Thank you, Soy Connection, for sponsoring this post! I received compensation to write this post, but as always, all opinions expressed are truly my own.
As a Registered Dietitian and mom to two busy little boys, I make it my mission to provide them with well-balanced meals that also taste great. This can be difficult with two very particular kids, but I’ve managed to find a couple of recipes that we all seem to agree on!
One of our favorite recipes is this Kale & Cabbage Coleslaw with Crunchy Ramen Noodles from SoyConnection.com! Besides being delicious, this recipe contains so much nutritional goodness, such as kale, edamame, and soybean oil! Soy is a staple in several of my recipes because of its nutritional content!
Soy is heart healthy, and both soybean oil and soy protein carry an FDA heart health claim, confirming that soy may be able to reduce the risk of coronary heart disease. Soybeans are the largest crop grown on U.S soil and are certified sustainable-.
Most parents are hesitant to feed their kids soy because of its reputation of being an allergen, but in actuality soy allergies are rare.
Did You Know…???
- The American College of Allergy, Asthma and Immunology estimates less than 1% of children are allergic to soy protein, and an estimated 70% of children will outgrow their allergy by age 10.
- Recent surveys show that the occurrence of soy allergy is lowest among the top 8 major allergens in children and adults.
- Highly refined soybean oil does not cause allergic reactions in those allergic to soy protein, which is why the FDA does not require soybean oil to be labeled as an allergen. -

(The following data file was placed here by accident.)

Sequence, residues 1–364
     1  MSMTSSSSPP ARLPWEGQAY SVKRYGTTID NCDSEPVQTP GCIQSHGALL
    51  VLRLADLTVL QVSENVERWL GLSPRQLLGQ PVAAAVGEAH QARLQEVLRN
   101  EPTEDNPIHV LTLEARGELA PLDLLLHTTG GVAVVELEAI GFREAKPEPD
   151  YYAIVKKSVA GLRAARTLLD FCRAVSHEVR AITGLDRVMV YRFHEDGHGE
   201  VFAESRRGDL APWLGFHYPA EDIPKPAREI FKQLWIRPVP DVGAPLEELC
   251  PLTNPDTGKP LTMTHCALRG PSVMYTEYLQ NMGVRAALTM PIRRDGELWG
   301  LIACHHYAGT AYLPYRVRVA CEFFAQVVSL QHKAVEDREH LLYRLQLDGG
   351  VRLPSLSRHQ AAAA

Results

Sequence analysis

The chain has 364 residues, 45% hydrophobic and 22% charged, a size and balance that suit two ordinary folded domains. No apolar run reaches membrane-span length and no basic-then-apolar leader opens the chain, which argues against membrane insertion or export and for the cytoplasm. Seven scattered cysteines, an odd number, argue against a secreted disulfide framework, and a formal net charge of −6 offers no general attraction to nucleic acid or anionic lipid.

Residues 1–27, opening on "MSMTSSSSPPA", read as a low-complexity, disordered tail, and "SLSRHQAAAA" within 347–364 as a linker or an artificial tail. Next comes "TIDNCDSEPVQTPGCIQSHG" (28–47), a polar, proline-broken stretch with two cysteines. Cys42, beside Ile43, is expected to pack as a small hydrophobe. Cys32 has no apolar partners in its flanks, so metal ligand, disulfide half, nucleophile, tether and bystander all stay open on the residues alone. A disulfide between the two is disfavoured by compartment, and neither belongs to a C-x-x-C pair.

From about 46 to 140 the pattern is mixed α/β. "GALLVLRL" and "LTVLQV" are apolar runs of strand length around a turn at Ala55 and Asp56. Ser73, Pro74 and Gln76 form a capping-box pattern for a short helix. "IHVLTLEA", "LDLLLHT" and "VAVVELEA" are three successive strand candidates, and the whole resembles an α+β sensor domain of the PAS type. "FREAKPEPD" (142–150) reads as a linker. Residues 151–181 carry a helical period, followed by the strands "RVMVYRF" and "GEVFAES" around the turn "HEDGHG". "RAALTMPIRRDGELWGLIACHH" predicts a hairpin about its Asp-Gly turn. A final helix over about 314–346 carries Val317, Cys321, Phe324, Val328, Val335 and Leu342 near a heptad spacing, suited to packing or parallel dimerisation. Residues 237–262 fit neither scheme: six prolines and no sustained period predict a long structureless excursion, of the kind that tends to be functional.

My kids quickly became huge fans of this Kale & Cabbage Coleslaw with Crunchy Ramen Noodles! It was super easy to make and required zero cooking! Just whisk together the dressing ingredients, and add the coleslaw mix, kale and edamame and mix well. Just before serving, top with the ramen noodles and sunflower seeds, and that’s it! It’s the perfect recipe for Summer!
My kid’s favorite part is the edamame! Edamame are young, less mature soybeans that pair perfectly with almost anything and add a great source of nutrients to any recipe! Visit SoyConnection.com for more delicious recipes made with heart healthy1-2 U.S. soy!
Kale & Cabbage Coleslaw with Crunchy Ramen Noodles-recipe from SoyConnection.com
- 2 tablespoons Apple cider vinegar
- 1 tablespoon Sugar
- 2 tablespoons heart healthy soybean oil aka vegetable oil
- Salt and pepper to taste
- 1 package 12 oz. Pre-cut coleslaw blend
- 2 cups Baby kale leaves packed
- 1/2 package 2-3 oz. Ramen noodles, lightly crushed in package (seasoning mix discarded)
- 2 tablespoons Toasted sunflower seeds
- 1/2 cup Shelled Edamame
In a large bowl, whisk together the dressing ingredients. Add the coleslaw mix, kale and edamame and mix well. Just before serving, top with the ramen noodles and sunflower seeds.
Nutrition Per Serving: Calories 200, Fat 10g, Sat Fat 2g, Cholesterol 10mg, Sodium 150mg, Carbohydrate 17g, Fiber 1g, Protein 10mg
 U.S. Food and Drug Administration. “Soybean Oil and Reduced Risk of Coronary Heart Disease.” https://www.fda.gov/media/106649/download. July 31, 2017.
 U.S. Food and Drug Administration. “Health Claims: Soy Protein and Risk of Coronary Heart Disease.” https://www.accessdata.fda.gov/scripts/cdrh/cfdocs/cfcfr/CFRSearch.cfm?fr=101.82. April 1, 2018.
 National Agricultural Statistics Service.” https://downloads.usda.library.cornell.edu/usda-esmis/files/j098zb09z/gb19f7847/ng451k91v/Acre-06-29-2018.pdf . United States Department of Agriculture. June 29, 2018
 United Soybean Board. http://unitedsoybean.org/media-center/issue-briefs/sustainability/
Savage, J.H., et al. “The natural history of soy allergy.” J Allergy Clin Immunol, 2010. 125(3): p. 683-686.
 Gupta RS, Warren CM, Smith BM, et al. The Public Health Impact of Parent-Reported Childhood Food Allergies in the United States. American Academy of Pediatrics, 2019:142(6):e20181235
 “Inventory of Notifications Received under 21 U.S.C. 343(w)(7) for Exemptions from Food Allergen Labeling.” U.S. Food & Drug Administration. July 16, 2018.
 “Approaches to Establish Thresholds for Major Food Allergens and for Gluten in Food.” U.S. Food & Drug Administration. March 2006. II. Food Allergy; E,2:Food Ingredients.